Updated: Nov 18, 2020
Wondering what's driving the property market despite the pandemic?
With the Covid-19 situation right now and the month long circuit breaker imposed by the government, things may seem overwhelming right now. Our lifestyle has changed and we are all adapting to this new norm. Despite that, however strange it might seem, it is actually a good time to invest/buy a property in Singapore now. Think of this as a profit-making opportunity to invest in the real estate market. Why you ask? Read on as we explain why.
2020: A buyer's market
The Straits Times reported that private property prices are seeing a 1.2% drop in Q1 2020. Private home prices have been rising up since 2018 cooling measures up till the recent drop in Q1 2020.
"Singapore's property market caught its first chill from the coronavirus with quarterly private home prices declining for the first time in a year, but market watchers said they are not expecting a sharp fall in prices going forward." - The Straits Times
However, The Business Times reported on Jan 2020 that in 2019, new home sales topped 10,000 units, a 15% from 2018.
"Singapore PRIVATE home sales in 2019 rose 15 per cent to 10,104 units - signalling a resilient housing market as unemployment remained low, despite an expectedly slow month in December." - The Business Times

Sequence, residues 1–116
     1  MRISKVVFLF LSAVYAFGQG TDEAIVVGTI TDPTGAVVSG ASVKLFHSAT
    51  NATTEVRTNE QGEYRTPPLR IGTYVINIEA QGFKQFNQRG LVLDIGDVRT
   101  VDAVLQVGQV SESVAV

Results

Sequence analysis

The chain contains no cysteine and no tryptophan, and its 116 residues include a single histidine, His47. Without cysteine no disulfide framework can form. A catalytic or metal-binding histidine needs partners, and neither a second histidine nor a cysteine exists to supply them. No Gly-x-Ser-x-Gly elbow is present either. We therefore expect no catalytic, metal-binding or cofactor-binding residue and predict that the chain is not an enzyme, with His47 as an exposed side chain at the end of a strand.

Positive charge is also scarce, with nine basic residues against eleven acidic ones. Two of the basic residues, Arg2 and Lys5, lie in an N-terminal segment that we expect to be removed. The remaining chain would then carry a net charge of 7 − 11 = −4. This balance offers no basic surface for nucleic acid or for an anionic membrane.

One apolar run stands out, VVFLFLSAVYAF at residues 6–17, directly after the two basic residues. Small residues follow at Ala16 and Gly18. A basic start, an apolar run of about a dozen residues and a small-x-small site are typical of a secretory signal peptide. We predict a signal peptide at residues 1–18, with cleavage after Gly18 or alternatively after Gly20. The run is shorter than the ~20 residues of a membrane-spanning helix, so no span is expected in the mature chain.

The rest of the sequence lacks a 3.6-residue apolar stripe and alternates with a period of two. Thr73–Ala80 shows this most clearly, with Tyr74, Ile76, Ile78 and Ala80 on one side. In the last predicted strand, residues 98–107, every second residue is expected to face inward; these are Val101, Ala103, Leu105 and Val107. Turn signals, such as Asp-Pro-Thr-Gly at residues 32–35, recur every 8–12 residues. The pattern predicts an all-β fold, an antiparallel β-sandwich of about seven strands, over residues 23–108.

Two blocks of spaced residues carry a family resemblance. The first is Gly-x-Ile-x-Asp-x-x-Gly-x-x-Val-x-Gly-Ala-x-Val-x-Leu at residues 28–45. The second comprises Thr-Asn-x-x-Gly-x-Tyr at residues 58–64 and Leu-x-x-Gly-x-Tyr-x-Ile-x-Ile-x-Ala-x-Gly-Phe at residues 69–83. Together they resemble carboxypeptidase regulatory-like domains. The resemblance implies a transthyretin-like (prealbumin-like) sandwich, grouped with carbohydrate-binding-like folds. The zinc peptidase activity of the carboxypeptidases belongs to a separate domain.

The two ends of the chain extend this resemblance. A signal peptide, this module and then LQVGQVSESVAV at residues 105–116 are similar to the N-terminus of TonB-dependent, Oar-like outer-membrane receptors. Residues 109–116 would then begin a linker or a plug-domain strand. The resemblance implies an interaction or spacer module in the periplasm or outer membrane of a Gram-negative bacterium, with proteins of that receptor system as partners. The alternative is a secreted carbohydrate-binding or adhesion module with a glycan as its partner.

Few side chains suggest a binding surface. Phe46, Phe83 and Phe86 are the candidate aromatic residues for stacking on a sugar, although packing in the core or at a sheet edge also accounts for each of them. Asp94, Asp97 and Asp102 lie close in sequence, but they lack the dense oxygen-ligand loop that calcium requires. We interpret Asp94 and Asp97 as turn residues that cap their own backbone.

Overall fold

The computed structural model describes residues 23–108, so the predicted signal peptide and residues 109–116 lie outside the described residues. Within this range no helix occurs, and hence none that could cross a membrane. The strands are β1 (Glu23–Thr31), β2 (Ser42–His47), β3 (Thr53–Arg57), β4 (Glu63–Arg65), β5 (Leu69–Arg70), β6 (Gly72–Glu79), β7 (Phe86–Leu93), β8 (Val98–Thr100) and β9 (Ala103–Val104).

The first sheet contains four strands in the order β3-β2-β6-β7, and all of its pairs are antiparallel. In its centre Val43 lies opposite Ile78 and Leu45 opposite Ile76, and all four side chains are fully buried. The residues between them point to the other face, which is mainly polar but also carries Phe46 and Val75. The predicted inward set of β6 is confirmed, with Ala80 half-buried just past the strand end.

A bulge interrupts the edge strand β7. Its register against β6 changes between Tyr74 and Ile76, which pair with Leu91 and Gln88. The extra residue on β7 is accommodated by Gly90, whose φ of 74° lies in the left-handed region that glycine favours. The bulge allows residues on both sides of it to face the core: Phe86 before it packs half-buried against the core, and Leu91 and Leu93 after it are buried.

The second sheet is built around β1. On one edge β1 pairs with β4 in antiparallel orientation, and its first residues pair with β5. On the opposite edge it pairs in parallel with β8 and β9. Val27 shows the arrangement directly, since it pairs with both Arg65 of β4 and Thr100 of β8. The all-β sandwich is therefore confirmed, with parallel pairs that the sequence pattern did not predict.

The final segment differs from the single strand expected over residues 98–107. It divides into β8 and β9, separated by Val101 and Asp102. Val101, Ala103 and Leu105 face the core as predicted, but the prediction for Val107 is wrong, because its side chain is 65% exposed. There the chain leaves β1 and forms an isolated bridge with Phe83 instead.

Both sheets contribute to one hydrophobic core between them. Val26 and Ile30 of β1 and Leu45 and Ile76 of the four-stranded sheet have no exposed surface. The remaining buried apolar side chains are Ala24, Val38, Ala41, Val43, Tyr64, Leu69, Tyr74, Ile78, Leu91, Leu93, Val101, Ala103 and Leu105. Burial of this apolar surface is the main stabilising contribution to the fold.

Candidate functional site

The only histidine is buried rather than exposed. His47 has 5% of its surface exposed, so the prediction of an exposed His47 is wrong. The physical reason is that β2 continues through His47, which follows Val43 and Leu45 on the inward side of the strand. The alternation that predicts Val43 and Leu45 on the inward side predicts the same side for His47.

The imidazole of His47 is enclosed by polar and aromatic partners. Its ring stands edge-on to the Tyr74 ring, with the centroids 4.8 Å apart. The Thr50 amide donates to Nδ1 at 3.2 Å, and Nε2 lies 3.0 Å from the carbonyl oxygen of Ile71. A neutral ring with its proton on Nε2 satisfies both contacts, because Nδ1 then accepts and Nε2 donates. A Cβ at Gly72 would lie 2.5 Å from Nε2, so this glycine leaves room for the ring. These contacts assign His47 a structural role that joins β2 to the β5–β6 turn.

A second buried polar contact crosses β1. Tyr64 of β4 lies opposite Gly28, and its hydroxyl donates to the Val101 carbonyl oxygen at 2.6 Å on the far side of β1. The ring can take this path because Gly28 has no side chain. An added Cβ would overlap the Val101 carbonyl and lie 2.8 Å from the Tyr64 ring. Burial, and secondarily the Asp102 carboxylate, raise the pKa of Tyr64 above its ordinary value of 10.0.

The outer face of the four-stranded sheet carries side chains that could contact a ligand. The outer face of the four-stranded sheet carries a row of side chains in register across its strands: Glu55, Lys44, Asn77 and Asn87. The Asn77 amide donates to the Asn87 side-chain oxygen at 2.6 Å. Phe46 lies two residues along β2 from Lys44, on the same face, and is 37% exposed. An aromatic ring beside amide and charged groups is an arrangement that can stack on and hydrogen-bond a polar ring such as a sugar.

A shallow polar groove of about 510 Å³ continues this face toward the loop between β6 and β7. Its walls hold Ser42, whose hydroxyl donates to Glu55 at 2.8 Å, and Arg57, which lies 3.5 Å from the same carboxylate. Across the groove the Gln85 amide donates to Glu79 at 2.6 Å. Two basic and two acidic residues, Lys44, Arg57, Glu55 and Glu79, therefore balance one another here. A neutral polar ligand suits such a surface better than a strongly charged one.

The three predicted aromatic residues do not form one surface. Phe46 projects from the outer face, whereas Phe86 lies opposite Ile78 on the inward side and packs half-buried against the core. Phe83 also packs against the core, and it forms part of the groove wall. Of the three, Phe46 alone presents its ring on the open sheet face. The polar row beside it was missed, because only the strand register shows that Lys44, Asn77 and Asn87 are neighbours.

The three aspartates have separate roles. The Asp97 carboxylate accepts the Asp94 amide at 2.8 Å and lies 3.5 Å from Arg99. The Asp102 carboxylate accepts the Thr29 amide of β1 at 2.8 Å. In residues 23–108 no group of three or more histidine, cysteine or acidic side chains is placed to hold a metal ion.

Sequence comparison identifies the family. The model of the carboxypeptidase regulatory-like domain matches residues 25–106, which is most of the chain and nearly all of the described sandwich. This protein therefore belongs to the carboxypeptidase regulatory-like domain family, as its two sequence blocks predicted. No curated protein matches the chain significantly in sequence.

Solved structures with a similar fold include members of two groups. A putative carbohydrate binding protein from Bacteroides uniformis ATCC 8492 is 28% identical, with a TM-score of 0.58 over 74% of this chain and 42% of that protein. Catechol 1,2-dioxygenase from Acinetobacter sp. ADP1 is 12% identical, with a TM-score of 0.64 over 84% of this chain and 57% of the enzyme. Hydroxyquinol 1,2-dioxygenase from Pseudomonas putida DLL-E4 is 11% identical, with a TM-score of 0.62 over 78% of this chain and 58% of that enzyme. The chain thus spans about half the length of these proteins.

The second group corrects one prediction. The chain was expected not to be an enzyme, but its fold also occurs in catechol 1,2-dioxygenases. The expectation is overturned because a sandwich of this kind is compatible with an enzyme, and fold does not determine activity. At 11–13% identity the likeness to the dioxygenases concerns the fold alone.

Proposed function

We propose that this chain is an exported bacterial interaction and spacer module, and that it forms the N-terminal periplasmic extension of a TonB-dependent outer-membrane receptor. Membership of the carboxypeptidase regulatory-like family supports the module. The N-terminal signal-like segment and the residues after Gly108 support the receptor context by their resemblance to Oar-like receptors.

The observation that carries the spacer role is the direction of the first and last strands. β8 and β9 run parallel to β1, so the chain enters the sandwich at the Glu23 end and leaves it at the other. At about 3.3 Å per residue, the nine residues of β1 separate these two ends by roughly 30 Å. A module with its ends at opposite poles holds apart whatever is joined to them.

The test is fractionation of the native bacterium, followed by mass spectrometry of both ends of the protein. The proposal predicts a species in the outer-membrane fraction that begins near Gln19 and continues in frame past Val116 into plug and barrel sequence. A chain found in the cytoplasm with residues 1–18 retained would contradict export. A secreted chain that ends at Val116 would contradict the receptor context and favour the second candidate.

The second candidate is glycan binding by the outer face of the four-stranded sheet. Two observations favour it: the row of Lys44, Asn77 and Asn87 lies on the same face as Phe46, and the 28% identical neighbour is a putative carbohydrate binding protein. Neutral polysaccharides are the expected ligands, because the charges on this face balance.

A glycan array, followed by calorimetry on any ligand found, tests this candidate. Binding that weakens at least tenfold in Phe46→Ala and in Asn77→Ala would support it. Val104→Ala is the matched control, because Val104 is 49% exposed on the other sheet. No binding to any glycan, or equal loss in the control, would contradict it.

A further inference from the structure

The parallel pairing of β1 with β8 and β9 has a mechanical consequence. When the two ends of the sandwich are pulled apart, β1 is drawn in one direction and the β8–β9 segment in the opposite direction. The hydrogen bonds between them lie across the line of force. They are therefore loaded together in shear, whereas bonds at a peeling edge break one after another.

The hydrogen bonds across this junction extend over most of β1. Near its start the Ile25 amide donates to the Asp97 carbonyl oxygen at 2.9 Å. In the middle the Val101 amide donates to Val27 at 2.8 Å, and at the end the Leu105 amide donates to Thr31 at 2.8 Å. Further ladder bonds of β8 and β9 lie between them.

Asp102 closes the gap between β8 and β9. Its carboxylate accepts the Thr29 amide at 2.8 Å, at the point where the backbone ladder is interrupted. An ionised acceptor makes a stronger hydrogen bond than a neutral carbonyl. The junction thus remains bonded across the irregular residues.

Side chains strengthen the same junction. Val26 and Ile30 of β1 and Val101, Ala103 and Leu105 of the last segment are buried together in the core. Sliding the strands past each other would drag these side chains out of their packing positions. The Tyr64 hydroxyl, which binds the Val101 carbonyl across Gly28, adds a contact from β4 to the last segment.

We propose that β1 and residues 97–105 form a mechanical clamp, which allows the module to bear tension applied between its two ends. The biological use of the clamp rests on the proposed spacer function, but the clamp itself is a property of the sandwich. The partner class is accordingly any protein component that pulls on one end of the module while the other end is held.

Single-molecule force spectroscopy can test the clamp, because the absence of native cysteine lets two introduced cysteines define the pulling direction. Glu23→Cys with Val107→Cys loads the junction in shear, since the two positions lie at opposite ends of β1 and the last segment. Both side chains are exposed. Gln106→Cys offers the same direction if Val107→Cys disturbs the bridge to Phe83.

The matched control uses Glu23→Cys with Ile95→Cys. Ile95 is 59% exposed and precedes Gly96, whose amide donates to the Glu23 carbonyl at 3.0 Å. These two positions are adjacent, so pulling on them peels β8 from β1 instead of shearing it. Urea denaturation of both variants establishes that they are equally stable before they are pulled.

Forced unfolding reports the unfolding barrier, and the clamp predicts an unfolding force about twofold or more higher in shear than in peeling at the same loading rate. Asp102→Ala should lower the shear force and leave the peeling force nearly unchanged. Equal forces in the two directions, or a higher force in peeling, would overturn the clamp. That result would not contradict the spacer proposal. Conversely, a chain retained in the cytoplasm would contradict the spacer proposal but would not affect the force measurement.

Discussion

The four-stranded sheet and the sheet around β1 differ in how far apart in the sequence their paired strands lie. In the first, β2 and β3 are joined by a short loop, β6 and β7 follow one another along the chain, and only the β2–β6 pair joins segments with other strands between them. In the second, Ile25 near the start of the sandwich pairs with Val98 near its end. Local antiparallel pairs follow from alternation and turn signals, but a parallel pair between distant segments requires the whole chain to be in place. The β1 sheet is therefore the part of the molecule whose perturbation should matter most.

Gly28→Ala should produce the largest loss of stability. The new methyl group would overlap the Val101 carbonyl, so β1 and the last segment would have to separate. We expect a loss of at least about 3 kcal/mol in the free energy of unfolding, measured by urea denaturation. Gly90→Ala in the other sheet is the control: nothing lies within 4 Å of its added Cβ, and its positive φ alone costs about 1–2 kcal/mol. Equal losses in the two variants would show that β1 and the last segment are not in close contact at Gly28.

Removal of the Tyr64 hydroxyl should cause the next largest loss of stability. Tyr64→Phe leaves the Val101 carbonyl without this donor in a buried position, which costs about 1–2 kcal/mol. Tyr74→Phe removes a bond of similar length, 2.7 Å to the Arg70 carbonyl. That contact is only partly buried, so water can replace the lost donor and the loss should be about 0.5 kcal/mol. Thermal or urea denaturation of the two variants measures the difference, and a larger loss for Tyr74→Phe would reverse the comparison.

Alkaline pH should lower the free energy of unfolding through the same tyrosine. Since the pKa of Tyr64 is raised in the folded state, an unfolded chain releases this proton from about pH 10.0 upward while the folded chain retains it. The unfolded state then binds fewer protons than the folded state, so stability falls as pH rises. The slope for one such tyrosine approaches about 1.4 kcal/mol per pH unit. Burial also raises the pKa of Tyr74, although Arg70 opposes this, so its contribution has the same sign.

Source: The Business Times
Some may hold back their plan in upgrading or to buy a second property for investment as a saving plan, which we will share in our next article on How to create Saving Plan even if the prices don't go up.
Despite the virus, we have noticed a surge in the Central Core Region (CCR). Private new home sales in the CCR increased by 191.7% in Q1 2020 despite uncertainty in the property market. But why are buyers still entering the market? Are these buyers/investors not afraid of the crisis? Or did these buyers/investors see an opportunity?
Did you know prices were at its highest peak of $3014psf in Q2 2019 which have now dropped to an average of $2540psf in Q1 2020?
"However, on a yearly comparison, there was an exponential increase in volume of CCR transactions between 1Q2019 and 1Q2020. It had a 191.7% (y-o-y) increase in number of sales in the CCR segment." - PropNex Research
Advancement of technology
Ever since the circuit breaker started on 7th April, developers have been asked to close their show flats as it is considered a non-essential service. Developers have now resorted to using technology to showcase their sales galleries to prospective buyers through virtual tours, doing online balloting and accepting e-applications.
Developer show flats were shown through virtual show flat tours and zoom meetings. Now, you may be wondering, is this the new normal? Would this be a new way of buying properties in the future? Think about it. Imagine removing the ID treatment in show flats, don't they look pretty similar? Shouldn't figures and prices of these units supersede the ID treatment (which you probably would not get unless you pay more for it)? Isn't buying a property at the right price more important?
Entering the market at the right price plays a part in how much you will profit when you eventually sell your property.